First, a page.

Critically acclaimed director and cinematographer Daisaku Kimura, 73, will give a talk on Jan. 26 at the Komae city central community center in western Tokyo.
A Komae resident, Kimura worked under legendary director Akira Kurosawa as cinematographer and assistant cinematographer and on many other classic films, such as "Hakkodasan." He will share the story of the hardships he has had to endure and talk about his philosophy on life.
The title of the talk and Kimura's personal philosophy is: "There will be no road unless someone goes first." Kimura said he came across this quote from Chinese writer Lu Xun when he was young.
It is also the theme of his directorial debut, "Mt. Tsurugidake," which won the best director, best cinematography and other honors at the 2010 Japan Academy Prize awards.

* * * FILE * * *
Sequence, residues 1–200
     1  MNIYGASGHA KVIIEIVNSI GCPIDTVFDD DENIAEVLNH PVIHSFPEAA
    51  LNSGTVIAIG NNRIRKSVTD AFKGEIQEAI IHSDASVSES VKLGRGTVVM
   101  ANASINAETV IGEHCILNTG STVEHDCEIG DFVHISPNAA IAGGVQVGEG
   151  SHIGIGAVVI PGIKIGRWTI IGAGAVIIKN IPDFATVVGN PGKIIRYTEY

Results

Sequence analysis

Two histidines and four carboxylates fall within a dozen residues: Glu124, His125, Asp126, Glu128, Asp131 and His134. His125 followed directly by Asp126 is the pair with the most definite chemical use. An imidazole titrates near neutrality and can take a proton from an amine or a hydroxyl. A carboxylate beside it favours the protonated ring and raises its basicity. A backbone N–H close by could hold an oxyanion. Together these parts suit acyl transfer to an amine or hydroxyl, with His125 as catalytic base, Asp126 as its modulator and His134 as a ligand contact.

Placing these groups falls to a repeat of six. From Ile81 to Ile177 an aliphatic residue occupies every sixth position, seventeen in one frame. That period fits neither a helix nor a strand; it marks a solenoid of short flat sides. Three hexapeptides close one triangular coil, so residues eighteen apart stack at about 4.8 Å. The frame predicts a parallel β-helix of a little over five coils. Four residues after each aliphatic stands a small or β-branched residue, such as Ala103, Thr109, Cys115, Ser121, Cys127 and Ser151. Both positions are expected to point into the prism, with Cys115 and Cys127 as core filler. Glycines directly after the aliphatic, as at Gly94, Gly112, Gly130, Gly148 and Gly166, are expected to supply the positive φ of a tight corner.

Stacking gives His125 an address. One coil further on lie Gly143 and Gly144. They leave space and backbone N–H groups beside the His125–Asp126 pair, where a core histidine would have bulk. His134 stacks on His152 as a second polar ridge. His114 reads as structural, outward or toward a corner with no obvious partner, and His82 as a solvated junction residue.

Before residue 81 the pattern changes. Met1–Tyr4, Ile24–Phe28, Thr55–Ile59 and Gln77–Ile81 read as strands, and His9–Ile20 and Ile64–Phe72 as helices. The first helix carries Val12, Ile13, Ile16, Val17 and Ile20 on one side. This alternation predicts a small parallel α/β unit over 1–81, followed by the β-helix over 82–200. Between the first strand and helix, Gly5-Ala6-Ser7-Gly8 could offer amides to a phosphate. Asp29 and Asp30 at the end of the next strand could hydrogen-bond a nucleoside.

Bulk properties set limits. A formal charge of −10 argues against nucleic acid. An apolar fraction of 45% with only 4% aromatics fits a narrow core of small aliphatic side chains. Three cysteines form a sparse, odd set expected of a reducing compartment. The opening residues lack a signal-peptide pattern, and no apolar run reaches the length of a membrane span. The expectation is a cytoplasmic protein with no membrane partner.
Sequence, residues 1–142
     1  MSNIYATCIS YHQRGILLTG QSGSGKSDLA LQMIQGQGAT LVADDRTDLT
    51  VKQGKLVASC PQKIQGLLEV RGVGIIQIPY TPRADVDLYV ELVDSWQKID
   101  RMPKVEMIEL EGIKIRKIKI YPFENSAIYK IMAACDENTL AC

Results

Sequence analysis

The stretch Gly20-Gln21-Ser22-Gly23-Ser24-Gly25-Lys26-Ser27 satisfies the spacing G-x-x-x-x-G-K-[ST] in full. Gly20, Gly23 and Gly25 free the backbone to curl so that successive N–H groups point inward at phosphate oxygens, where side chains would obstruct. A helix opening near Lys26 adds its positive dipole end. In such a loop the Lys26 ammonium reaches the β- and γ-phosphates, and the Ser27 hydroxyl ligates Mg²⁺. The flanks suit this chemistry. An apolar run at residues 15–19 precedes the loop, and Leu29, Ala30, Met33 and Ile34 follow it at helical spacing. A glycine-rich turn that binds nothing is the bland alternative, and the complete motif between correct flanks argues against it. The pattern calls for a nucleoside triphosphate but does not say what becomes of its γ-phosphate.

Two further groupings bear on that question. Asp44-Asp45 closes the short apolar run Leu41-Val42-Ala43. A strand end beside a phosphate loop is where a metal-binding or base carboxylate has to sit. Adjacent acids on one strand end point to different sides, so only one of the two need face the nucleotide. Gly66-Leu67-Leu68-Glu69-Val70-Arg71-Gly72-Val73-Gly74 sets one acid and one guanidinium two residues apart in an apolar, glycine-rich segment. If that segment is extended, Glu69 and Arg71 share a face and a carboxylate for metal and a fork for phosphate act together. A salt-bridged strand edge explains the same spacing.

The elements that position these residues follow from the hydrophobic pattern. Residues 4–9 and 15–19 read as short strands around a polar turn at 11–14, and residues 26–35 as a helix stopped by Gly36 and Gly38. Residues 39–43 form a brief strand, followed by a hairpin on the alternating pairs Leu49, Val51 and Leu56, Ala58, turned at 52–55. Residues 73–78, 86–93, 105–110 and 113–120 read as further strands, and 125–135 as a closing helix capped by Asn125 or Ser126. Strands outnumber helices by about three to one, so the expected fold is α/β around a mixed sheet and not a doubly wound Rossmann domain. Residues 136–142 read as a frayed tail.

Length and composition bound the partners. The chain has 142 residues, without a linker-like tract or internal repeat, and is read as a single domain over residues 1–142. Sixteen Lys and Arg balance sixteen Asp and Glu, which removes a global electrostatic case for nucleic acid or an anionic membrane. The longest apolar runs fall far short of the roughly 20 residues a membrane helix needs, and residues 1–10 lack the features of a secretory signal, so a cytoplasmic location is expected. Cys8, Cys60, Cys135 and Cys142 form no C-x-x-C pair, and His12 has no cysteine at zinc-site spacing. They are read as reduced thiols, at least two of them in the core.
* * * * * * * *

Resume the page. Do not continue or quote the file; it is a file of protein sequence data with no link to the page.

"Mt. Tsurugidake" follows an expert in geographical measurement and cartography and his men during the Meiji Era (1868-1912). Kimura, the cast and production staff spent 200 days shooting scenes while they lived in a mountain lodge located about 3,000 meters above sea level.
After graduating from senior high school, Kimura joined film studio Toho Co. at age 18. He worked as an assistant cinematographer for Kurosawa before winning attention for his work as cinematographer in "Hakkodasan." Kimura went on to work on "House on Fire," directed by Kinji Fukasaku, "Poppoya: Railroad Man," starring Ken Takakura, and many other titles.
"There is life only after futility," Kimura says, which he takes to mean that life is all about continuing to make vain efforts.
The cinematographer had planned to make "Mt. Tsurugidake" his first and only turn as a director. But he decided to helm another film because, he said, "I can't step away from the world of cinema."
Kimura is set to begin shooting his new nature-themed film, "Haru wo Seotte" (Carrying spring on my back), in April. The story will be about a journey to find a place of one's own.